1. Before obtaining the consumer report
First, the law requires employers wishing to use a third-party service to obtain information about an employee’s or applicant’s background to:
- Provide a clear and conspicuous disclosure notice to the employee/applicant informing them of the intent to procure the report for employment purposes. This document must consist only of this disclosure (and authorization);
- Obtain a written authorization from the employee/applicant authorizing the procurement of the report. This should be procured via a signature line on the disclosure document.; and
- Certify to the consumer reporting agency (the vendor) providing the report that such a disclosure was made, authorization was received, that the employer will comply with the FCRA’s provisions regarding taking adverse action against an employee/applicant based on information obtained in the report, and that the employer will not violate any state or federal equal employment opportunity laws or regulations.
As mentioned above, by far the most common error here is including “extraneous” language, like a release of liability, in this initial disclosure document.
2. Prior to taking adverse action
If the employer does wish to take adverse action based on the results of the report, the employer must first provide the employee/applicant a copy of the report and a description of their rights under the FCRA, prior to taking the adverse action. “Adverse actions” include not only obvious actions like termination of employment or denial of the application, but also any unfavorable change in the terms of employment.
The mandatory summary of rights is available here: http://www.consumer.ftc.gov/sites/default/files/articles/pdf/pdf-0096-fair-credit-reporting-act.pdf
The key to this is that the employee must be given an opportunity to cure any inaccuracies report.
3. After taking adverse action
Once the employee/candidate has had a reasonable time to try to cure any inaccuracies, the employer may take adverse action.
At this point, the employer must provide the employee/candidate notice (orally, in writing, or by electronic means):
- that he or she was rejected because of information in the report;
- the name, address, and phone number of the company that sold the report;
- that the company selling the report didn’t make the hiring decision, and can’t give specific reasons for it; and
- that he or she has a right to dispute the accuracy or completeness of the report, and to get an additional free report from the reporting company within 60 days.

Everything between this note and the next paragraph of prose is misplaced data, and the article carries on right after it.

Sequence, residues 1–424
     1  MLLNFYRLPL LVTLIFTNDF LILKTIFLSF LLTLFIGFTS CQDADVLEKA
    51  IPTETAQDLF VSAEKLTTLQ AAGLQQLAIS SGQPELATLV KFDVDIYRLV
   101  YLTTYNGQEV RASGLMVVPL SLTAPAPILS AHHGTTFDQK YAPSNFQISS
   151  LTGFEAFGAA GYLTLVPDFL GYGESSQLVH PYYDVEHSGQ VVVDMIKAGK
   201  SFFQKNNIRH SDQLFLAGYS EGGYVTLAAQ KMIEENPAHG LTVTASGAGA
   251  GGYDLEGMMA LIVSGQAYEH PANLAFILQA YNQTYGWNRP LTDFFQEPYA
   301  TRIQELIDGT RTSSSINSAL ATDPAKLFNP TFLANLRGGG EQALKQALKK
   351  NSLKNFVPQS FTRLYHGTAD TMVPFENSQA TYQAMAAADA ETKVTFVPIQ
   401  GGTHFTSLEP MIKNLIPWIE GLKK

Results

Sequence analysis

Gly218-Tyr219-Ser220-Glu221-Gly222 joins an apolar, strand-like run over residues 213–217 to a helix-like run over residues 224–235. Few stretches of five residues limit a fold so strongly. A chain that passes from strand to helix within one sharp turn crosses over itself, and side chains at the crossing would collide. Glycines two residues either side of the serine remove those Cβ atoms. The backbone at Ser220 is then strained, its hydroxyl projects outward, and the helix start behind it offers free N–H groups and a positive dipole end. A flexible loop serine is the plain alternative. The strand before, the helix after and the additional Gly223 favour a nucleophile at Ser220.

It must also be noted that if your employment decision is based on a more intensive investigation into the candidate’s background, i.e. you have taken interviews about the person’s character, reputation, characteristics, and lifestyle, the FCRA imposes additional disclosure requirements for these so-called “investigative reports.”
4. Social Media Reports
The propriety of using social media reports as a component of the hiring process is a subject of much debate. The most nefarious type of social-media investigation will require candidates to disclose social media credentials to the employer, or permit a manager to “shoulder-surf” the employee’s profile(s). There is not much evidence that this is a widespread practice however, and it has indeed been outright outlawed in many states already. Moreover, the NLRB has shown an interest in ensuring that employees have the ability to comment relatively freely, via social media, about the terms and condition of their employment.
A bigger question has been whether an employer may even look at publically available social media in conjunction with employment decisions.
A recent decision from the Northern District of California suggests, fortunately, that this is permissible. In Sweet v. LinkedIn, No. 14-cv-04531 (N.D. Cal. Apr. 14, 2015), the district court notably held that LinkedIn is not a credit reporting agency, and its reports are not consumer reports. The major difference, according to the court, is that LinkedIn gets its information directly from the consumers, while services like Spokeo aggregate information from a number of sources. As such, employers may stay clear of the FCRA by doing their own hunting so long as they rely on “primary sources.” Once they involve a third-party service like Spokeo, they will need to comply with the FCRA.
5. State Law Requirements
This article is intended only to ensure that employers are aware of the FCRA as it relates to background checks. Many states have additional requirements pertaining to background checks. In many instances, these laws will mirror the FCRA’s disclosure and opportunity-to-cure provisions. However, a growing trend within certain local governments is to ban using credit reports as a basis for employment decisions all together. Accordingly, ensure that you check your state’s background check laws in addition to the federal requirements.